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Professor Warwick Bray

Question for January 2005

Which were the most common crimes among the Aztecs? Asked by St Mary of Charity Primary School. Chosen and answered by Professor Warwick Bray.

Criminals facing trial
Criminals facing trial (Click on image to enlarge)

The best way to find out about crime in the Aztec world is to look at the law codes drawn up by the various Aztec kings. Like our own laws, these give definitions of crimes and also list the punishments for criminals who were caught. The more serious the crime, the more serious the punishment. We don’t have figures that tell us which crimes were the most common, so I can’t give a statistical answer to the question.

Some crimes are exactly what we would expect, because they happen everywhere in the world, for example, murder, kidnapping, highway robbery, assault and causing physical harm, theft, selling stolen goods, being drunk and disorderly in the street, giving false evidence, and not paying back debts. There are laws dealing with all of these, so we know these things happened in Aztec Mexico, as they do in any country.

Prisoners on public display, being kept in a wooden cage with the roof weighted down by stones; a criminal being clubbed to death
Prisoners on public display, being kept in a wooden cage with the roof weighted down by stones; a criminal being clubbed to death (Click on image to enlarge)

Many Aztecs were farmers and fishermen, and lived in villages outside the main towns, so there were laws about how to behave in the countryside. It was a crime to light a fire in the woods without permission, to cut down trees, to move boundary-markers, to take game from another man’s hunting trap and to steal crops from the fields. All these were crimes that could be punished by death.

Witchraft was also a problem. The Aztecs believed that certain people had a special knowledge of spells, herbs and potions. This knowledge could be used for good (e.g. to heal the sick) but it could also be used to cause harm to other people. Practising evil magic was a serious crime, and offenders were usually executed.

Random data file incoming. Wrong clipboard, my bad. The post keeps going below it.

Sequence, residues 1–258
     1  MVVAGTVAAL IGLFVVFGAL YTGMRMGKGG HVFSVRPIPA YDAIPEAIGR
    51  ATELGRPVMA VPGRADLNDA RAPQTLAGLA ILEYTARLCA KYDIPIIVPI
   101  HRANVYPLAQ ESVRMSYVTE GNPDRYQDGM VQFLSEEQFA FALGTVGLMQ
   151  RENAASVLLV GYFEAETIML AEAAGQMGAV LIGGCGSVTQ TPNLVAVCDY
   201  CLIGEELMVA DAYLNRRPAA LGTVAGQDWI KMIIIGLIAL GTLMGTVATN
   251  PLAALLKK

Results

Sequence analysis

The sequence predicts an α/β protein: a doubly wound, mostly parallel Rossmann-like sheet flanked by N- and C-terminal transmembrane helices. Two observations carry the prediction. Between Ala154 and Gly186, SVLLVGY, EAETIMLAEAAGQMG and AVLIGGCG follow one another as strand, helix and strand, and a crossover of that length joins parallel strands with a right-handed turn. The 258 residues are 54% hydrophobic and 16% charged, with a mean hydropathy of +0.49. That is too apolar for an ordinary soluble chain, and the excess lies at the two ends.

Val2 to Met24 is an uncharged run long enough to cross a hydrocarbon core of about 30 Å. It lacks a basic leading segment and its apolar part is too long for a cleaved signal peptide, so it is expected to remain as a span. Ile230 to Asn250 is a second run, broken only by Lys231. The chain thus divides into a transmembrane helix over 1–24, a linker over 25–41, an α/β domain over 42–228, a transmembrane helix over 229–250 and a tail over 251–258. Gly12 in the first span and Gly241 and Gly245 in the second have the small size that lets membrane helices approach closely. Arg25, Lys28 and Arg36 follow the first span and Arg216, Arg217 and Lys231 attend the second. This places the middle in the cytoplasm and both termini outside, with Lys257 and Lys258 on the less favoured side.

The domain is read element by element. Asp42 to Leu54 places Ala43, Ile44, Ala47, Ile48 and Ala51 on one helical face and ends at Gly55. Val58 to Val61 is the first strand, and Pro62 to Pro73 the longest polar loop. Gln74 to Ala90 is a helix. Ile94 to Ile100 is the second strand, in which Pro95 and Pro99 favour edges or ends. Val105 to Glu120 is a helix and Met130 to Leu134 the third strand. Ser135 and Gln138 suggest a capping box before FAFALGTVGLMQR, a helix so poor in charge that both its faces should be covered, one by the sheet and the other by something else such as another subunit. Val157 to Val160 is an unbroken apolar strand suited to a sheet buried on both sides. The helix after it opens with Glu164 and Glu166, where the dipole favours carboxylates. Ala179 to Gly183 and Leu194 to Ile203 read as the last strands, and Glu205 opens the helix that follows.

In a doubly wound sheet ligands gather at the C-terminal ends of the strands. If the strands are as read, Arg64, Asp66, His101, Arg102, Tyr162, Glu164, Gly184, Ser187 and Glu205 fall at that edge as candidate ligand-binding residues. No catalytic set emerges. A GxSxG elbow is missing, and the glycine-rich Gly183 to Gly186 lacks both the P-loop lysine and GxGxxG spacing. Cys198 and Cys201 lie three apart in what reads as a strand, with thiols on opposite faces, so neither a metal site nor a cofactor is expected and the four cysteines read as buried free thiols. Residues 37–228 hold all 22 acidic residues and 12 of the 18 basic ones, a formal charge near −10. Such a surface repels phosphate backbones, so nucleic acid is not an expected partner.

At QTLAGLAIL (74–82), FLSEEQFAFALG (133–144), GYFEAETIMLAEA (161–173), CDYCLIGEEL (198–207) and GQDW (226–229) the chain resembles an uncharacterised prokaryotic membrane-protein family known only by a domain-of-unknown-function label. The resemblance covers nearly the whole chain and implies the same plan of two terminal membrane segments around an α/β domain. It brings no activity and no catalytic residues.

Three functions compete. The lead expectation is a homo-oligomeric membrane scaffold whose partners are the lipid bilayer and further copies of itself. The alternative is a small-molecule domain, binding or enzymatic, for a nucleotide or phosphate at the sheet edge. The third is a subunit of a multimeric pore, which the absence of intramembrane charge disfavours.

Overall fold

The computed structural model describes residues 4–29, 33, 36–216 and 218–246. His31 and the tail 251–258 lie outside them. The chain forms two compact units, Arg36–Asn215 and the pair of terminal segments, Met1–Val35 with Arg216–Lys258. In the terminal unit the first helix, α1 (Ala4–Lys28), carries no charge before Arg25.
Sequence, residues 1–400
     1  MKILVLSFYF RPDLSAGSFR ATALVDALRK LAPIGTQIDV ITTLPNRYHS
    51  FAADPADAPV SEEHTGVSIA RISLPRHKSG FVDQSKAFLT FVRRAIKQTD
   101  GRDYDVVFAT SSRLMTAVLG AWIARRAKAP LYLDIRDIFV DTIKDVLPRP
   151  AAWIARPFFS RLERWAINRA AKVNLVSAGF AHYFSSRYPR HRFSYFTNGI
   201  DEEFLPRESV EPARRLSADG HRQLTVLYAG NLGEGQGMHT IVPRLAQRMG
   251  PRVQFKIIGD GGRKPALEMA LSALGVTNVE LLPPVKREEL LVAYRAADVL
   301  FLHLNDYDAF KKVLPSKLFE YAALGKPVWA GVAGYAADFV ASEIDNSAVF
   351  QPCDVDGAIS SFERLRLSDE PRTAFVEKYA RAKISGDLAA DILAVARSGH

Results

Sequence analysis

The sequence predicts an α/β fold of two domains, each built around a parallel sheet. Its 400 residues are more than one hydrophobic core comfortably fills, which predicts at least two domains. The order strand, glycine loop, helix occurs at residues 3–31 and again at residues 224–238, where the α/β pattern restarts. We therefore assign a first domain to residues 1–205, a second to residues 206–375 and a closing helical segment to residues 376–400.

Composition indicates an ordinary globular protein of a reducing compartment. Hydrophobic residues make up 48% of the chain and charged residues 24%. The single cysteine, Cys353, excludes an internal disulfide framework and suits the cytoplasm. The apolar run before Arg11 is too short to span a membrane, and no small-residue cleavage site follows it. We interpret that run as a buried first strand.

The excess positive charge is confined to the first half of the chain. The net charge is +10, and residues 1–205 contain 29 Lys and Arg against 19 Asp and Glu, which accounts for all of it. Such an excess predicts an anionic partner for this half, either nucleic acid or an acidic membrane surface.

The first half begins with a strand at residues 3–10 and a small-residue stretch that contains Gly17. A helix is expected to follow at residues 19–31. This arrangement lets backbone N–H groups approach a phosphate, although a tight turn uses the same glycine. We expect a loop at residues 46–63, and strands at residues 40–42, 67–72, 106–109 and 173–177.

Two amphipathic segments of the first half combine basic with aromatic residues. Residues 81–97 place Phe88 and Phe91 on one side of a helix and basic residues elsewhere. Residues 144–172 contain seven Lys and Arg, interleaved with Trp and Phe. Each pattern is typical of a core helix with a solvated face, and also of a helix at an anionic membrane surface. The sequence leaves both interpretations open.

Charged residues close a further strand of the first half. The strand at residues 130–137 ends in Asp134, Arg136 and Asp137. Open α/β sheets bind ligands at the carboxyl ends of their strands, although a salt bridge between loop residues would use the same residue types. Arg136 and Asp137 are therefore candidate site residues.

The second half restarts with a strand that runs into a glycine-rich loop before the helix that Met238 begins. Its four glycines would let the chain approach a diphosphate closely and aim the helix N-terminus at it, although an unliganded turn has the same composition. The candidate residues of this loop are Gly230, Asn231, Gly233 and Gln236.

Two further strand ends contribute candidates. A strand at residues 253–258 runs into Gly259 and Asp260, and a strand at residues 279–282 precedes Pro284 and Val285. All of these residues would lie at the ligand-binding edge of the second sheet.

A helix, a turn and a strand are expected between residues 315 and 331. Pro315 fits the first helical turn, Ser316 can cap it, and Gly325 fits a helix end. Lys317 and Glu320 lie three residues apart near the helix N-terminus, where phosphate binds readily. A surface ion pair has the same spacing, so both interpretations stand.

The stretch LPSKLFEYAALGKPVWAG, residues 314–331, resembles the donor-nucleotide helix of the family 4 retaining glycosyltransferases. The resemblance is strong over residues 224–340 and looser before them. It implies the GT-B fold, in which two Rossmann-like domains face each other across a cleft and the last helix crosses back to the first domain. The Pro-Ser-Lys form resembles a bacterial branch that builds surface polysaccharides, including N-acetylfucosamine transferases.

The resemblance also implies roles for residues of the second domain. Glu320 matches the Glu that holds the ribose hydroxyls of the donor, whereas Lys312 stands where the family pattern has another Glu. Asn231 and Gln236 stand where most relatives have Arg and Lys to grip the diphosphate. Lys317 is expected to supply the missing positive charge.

Besides crimes against other people, there were also crimes against the state, just as there are in our own society. Treason and rebellion are obvious examples. The Aztecs demanded high standards from their officials; judges who took bribes and let criminals go free were normally killed. Surprisingly, adultery and homosexuality were also crimes against the state, because the Aztec social and economic system was based on the household unit of husband, wife and children. The wife did the domestic chores and wove cloth for sale; the husband worked at his trade or profession.

An adulterer being stoned to death
An adulterer being stoned to death (Click on image to enlarge)

Anything that upset the stability of family life was not just a personal matter, or an offence against religion, but a crime against the organization of the Aztec state. Punishment was severe, and adulterers were stoned to death, burned, or strangled.

Slaves
Slaves (Click on image to enlarge)

The Aztecs were divided up into social classes. At the top was the ruler, and below him the nobility, commoners and slaves. Everyone was expected to know his place and to behave and dress appropriately. There were laws about this too. Insulting the king was a crime; so was impersonating an official. Only noblemen were allowed to wear sandals in the city (though never in the palace), to wear clothes made of cotton, to build two-storey houses, and to wear particular kinds of jewellery.

Offenders were brought to trial before a professional court. The Aztecs had no prisons (though criminals were sometimes temporarily kept in wooden cages), and prison sentences were therefore not an option.

Executing a criminal by strangulation
Executing a criminal by strangulation (Click on image to enlarge)

People found guilty of a crime either made restitution (repaid stolen goods with interest, or became slaves to the person they had wronged), were publicly shamed (e.g. by having their heads shaved and then paraded round the town), or, for serious crimes, were executed by stoning, clubbing, burning, strangulation or sacrifice in the temple. Because the Aztecs expected higher standards of behaviour from nobles and officials, the punishments were often more severe for high-ranking people than for commoners.

Quick references

Warwick Bray, The Everyday Life of the Aztecs, pp.83-87. London: Batsford, 1968

Richard F. Townsend, The Aztecs, pp.91-93. London: Thames & Hudson, 2000

(All images from the Florentine Codex, books 2, 7 and 8)

Professor Warwick Bray has answered 2 questions altogether:

Which were the most common crimes among the Aztecs?

Why is the original [Mixtec gold pendant in the British Museum] in England?

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